The dischargeability of and the ability to collect taxes by the IRS in a consumer bankruptcy case often turn on the issue of whether and when the taxpayer filed the relevant returns, thereby determining when the statute of limitations on assessment began to run. In this case, the IRS assessed the taxpayer, James Quezada, in 2014 for tax deficiencies arising for tax years 2005-2008. Quezada filed for bankruptcy in 2016. The IRS filed a claim for the alleged 2005-2008 tax deficiency. Over the taxpayer’s objection, the Bankruptcy Court held that the limitations period never began to run because Quezada never filed “the return,” and the District Court affirmed. As a result, the taxes were deemed not dischargeable, and the IRS’s claim was upheld.
Quick Summary. Located in Western Europe, France borders Belgium, Luxembourg, Germany, Switzerland, Monaco, Italy, Andorra and Spain. France has a unitary semi-presidential republic and is comprised of 18 integral regions with a capital at Paris.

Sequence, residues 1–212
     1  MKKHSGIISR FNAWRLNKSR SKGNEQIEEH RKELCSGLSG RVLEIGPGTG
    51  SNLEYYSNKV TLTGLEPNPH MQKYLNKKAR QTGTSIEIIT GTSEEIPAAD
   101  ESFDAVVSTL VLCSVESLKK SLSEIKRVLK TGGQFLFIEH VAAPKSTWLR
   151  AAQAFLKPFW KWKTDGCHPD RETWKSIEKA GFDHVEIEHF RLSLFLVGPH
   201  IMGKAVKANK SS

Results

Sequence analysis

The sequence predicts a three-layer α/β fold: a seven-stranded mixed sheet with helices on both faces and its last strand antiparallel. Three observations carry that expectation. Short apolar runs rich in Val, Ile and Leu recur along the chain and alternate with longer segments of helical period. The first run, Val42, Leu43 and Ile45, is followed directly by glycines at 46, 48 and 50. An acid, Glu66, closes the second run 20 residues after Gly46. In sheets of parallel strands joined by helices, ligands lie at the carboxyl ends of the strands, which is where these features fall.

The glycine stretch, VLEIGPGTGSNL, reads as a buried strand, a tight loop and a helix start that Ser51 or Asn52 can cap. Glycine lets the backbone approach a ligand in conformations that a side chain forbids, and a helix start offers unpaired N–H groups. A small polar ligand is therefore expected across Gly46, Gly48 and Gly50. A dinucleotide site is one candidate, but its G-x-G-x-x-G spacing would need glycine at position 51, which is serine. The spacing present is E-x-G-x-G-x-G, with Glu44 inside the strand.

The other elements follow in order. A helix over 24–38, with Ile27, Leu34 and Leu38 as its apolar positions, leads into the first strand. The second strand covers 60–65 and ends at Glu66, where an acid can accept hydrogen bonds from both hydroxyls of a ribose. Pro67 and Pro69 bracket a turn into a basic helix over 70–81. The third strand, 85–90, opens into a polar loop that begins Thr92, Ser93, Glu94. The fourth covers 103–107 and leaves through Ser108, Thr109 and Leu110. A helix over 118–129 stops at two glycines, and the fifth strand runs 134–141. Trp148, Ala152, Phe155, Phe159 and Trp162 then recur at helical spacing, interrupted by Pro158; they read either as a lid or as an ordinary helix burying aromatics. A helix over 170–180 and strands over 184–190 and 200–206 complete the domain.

The Constitution of the Fifth Republic, approved in 1958, provides for a bicameral legislature comprised of the National Assembly (Assemblée nationale) and a Senate. The executive branch is lead by a president, who is head of state, and an appointed prime minster.
France is characterized by a civil legal system based primarily upon written, codified statutes.
Effective 2019, France provides for a tax on certain digital services.
Also effective in 2019, France has moved towards a withholding tax regime based on a pay-as-you-earn (PAYE) system. The Finance Act Bill for 2019 also moves the taxation of non-residents towards the taxation of residents by eliminating certain withholding provision and implementing the PAYE system.
France is a member of the European Union (EU), the G7, G20, Organisation for Economic Co-operation and Development (OECD), and the World Trade Organization (WTO).